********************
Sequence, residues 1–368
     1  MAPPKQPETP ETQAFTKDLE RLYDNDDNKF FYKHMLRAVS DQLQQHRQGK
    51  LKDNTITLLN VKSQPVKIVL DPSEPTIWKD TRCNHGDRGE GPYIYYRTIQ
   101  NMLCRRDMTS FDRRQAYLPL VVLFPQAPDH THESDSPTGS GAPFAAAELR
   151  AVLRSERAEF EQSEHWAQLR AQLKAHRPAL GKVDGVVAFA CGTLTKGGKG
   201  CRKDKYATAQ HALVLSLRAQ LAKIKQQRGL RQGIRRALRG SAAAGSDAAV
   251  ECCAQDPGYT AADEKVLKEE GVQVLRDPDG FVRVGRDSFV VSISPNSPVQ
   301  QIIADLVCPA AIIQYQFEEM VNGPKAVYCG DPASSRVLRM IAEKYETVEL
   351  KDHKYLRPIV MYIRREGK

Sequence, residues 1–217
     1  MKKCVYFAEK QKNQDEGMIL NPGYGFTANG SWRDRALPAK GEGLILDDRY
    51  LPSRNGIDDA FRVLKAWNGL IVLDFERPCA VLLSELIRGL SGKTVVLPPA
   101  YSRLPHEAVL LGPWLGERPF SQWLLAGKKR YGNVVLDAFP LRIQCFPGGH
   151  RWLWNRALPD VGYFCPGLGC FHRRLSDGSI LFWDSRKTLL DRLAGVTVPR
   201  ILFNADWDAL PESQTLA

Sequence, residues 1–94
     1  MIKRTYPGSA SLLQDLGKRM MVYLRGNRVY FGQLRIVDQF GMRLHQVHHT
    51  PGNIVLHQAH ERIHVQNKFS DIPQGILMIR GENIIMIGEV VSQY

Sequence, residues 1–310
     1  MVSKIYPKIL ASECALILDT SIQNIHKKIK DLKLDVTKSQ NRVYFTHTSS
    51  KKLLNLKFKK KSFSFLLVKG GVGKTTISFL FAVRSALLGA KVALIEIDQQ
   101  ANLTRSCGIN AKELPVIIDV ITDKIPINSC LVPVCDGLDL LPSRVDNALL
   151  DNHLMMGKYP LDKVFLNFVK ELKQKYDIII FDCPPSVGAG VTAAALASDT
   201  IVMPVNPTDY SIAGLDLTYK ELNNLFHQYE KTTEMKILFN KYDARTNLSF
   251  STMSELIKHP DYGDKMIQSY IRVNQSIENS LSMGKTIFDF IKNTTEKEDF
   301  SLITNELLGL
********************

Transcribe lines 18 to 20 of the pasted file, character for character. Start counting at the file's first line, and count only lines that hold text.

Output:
    51  PGNIVLHQAH ERIHVQNKFS DIPQGILMIR GENIIMIGEV VSQY

Sequence, residues 1–310
     1  MVSKIYPKIL ASECALILDT SIQNIHKKIK DLKLDVTKSQ NRVYFTHTSS